May 30--Breeze across these rolling hills can play tricks with sound, but Buddie Boswell locked the back door of his theater about 2 a.m., and he could swear he heard ... was that someone singing?
Hours had passed since the Wilburn Brothers finished their Saturday night performance at the Union Mill Opry. The brothers, Teddy and Doyle, who had a syndicated television show and earlier nurtured the careers of future stars like Loretta Lynn, drew a good crowd to the country-music hall north of Edgerton, Mo.
After paying the act and securing the rest of the night's take and cleaning up for the Sunday show, Mr. Boswell headed for home but noticed music coming from the campground he kept for customers. He walked there and found the Wilburn boys eating hot dogs and entertaining the campers.
"I sat there with them another hour, and they sang all the old Grand Ole Opry songs," he remembers.
Such surprises forge good memories for Mr. Boswell, who realized a dream shaped by a metal building and songs about real life.
Between 1973 and 1996, the Union Mill Opry featured big-name acts and offered family-focused entertainment. Along the way, the rural theater cultivated a generation of local musicians who would hone their craft, rub shoulders with Nashville's elite and grow close during winter-month tours.
The Boswells, Buddie, Gini and their four children, ran the business as a family, working the brooms and playing the fiddles.
"I grew up different from anyone else I know," says Kandi Stephens, born a year after her parents opened the theater and then growing up on stage. "They did something pretty amazing in the middle of a cornfield."
The Boswells, many now residents of Texas, will return to the area this weekend for a 40th reunion celebration of their Opry. An open house will be held Saturday from 10 a.m. to 4 p.m., at Stoney Creek Inn in St. Joseph.
Buddie and Gini grew up about a mile apart, and they went to school together in Gower, Mo. When in high school, Mr. Boswell performed for the Brush Creek Follies, a Saturday night music program on KMBC radio in Kansas City.
He farmed to pay the bills, but the couple's first daughter, SuLin, showed a real aptitude for singing at church. The family did some festivals and fairs in Northwest Missouri towns. The Boswells took inspiration from the music scene forming in Branson, Mo.
The leap of faith came at the expense of several acres of cropland.
"I told Gini, I wonder what would happen if we put a little theater up here on the corner of our farm," Mr. Boswell says.
Friends voiced doubts. Edgerton, population 477 back then, would be too far removed from St. Joseph and Kansas City to draw sufficient crowds, they said.
But a banker agreed, and the red metal building went up with Mr. Boswell and a local carpenter trimming the inside with barn wood. Opening night in the 660-seat venue had two shows, and both sold out.
Buddie felt like they had hit upon something.
Part of the family appeal grew from his own family. The kids proved an entertainment blessing. "The minute they could walk out on stage, we had them singing or doing something cute," Mr. Boswell says.
Kandi and Penni learned the fiddle. Son Randy played the drums. SuLin had "an unbelievable tone, right on key." Singing harmony became a childhood rite.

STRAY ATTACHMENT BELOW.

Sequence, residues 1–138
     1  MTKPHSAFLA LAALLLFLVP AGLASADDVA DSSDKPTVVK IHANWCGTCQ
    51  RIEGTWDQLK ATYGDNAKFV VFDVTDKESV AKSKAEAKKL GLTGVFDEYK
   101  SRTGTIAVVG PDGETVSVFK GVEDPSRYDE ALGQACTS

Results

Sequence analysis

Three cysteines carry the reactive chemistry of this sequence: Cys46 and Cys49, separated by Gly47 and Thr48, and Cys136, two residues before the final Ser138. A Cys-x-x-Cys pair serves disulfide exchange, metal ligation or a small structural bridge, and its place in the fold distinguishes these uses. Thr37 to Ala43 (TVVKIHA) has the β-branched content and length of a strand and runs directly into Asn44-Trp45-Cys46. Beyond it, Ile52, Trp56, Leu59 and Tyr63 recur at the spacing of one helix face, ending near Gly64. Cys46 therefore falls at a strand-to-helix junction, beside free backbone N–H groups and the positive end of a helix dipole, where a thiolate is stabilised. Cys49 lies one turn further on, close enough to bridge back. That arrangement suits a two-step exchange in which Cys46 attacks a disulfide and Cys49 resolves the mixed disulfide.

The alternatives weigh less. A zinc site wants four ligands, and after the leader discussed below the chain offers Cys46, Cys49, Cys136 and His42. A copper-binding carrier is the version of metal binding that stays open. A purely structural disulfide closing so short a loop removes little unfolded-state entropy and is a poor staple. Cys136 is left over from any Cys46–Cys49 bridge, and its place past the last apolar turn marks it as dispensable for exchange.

"When he married my mom and they started having kids, they just kind of raised us to sing and play instruments and entertain people," Mrs. Stephens says.
Along with the family and other local performers, acts from Nashville found the way to Edgerton. The big names rolled through ... Roy Acuff, Ernest Tubb, Dolly Parton, Jim Ed Brown, Barbara Mandrell, Hank Thompson, Kitty Wells.
Mr. Boswell remembers standout shows being given by Tammy Wynette, who brought a band of 10 people with her, and Mel Tillis, just ahead of him being named country music's Entertainer of the Year.
"They were just plain and down to earth," he says. "They would look at our antiques and our kids' pictures, and you just felt like you've known them forever."
The theater owner, who worked the phones in arranging the bookings, never saw an ounce of ego in any of the singers and musicians. The only thing close to a run-in came when a member of Johnny Rodriguez's band walked in the theater with a Budweiser in hand.
"I said no beer comes in this back door, and I don't want any in your belly when you're on stage," Mr. Boswell remembers saying. "Johnny came in and I told him, and he said, 'Boys, put it back in the cooler.' He came out and did one of the best shows we ever had."
One thing the visitors always remembered: no Union Mill performance ever took place without a live hen on the stage, a part of the motif, "sitting up there on a nest ... laying eggs some time," he recalls.
Winter weather proved too unpredictable to keep the theater open. So the Boswells hit the road, touring in California, Florida and Texas until the spring. Warmer months also sent the local act on the road, playing in 36 states over the years; once the musicians performed for 10,000 people at a Winnebago rally in Iowa.
By the mid-1990s, gas prices had risen, liability and building insurance rates had climbed and some of the loyal supporters had aged. He packed up the Opry in 1996.
"It got to where the numbers weren't there," the theater owner says. "The time had run out."
Buddie and Gini moved to Idalou, Texas, a suburb of Lubbock, to be around their children and grandchildren. At the reunion, they hope to connect with old friends, fellow musicians and anyone who just enjoyed the theater.
Mr. Boswell believes he got the best end of the deal.
"It was the most rewarding thing I ever could have dreamed of," he says. "I still can't believe it was anything other than a miracle the way it worked."
Ken Newton can be reached
Follow him on Twitter: @SJNPNewton.
(c)2013 the St. Joseph News-Press (St. Joseph, Mo.)
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